2006 was a turbulent year for the meetings industry, marked by an epic hotel seller's market, high fuel costs, the threat of avian flu, and travel hassles brought on by threats of terrorism. Here are six more 2006 events that will continue to influence the industry in 2007:
After a lengthy search, Meeting Professionals International in October named Tourism Toronto head Bruce MacMillan as its new president and CEO, with the goal of leading the association in a new direction. MacMillan replaced Colin Rorrie Jr., who stepped down in March.
The SITE Foundation broke away from the Society ofand Travel Executives and relaunched itself as The Incentive Research Foundation, with the intent to broaden its focus to include merchandise and motivational events as well as incentive travel.
Two of the industry's most visible meeting technology companies, StarCite and OnVantage, announced in August that they were merging under the StarCite name.
Faced with looming deadlines, hoteliers and Unite Here, the union representing hotel workers, began settling their differences. After a two-year stalemate, San Francisco hotel workers agreed on a five-year deal — retroactive to 2004 — with a group representing 13 hotels. An agreement was also reached in Chicago, wherewith more than 20 major hotels had expired.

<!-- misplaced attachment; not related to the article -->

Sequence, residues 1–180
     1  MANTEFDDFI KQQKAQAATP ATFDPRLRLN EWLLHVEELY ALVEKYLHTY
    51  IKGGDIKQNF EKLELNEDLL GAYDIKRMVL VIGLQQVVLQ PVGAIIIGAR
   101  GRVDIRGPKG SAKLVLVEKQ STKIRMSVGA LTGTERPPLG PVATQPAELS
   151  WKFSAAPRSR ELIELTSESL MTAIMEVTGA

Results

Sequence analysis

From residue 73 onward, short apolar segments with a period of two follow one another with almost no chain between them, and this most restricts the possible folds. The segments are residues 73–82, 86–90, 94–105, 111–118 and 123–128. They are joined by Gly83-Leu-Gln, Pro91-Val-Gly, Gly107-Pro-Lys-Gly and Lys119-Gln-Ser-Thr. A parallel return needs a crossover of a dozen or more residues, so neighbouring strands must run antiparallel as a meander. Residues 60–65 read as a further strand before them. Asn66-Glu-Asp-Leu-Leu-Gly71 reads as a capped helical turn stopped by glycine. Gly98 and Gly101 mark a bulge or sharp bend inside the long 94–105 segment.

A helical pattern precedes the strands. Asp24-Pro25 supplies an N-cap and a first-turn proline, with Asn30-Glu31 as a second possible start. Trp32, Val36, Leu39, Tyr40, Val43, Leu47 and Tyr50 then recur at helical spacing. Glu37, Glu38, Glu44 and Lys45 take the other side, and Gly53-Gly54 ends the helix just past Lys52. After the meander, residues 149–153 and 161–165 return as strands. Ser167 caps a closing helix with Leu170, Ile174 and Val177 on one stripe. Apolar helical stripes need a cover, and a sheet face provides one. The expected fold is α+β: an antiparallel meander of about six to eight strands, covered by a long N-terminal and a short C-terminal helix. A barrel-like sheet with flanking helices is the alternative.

Just 10 months after being devastated by Hurricane Katrina in August 2005, New Orleans began hosting citywide conventions again. Despite some travel issues (the city's airport handles about two-thirds of the flights it did before Katrina), the city has since hosted dozens of large meetings.
Smoking is no longer an option at a growing number of hotels. In January, Westin, the first to institute a ban, prohibited smoking from Westin Hotels & Resorts in the U.S., Canada, and the Caribbean. Three Disneyland hotels implemented a ban in March. In October, all 2,300 Marriott International hotels in the U.S. and Canada, including its Ritz-Carlton and Renaissance brands, went smoke-free. Many independent properties followed suit.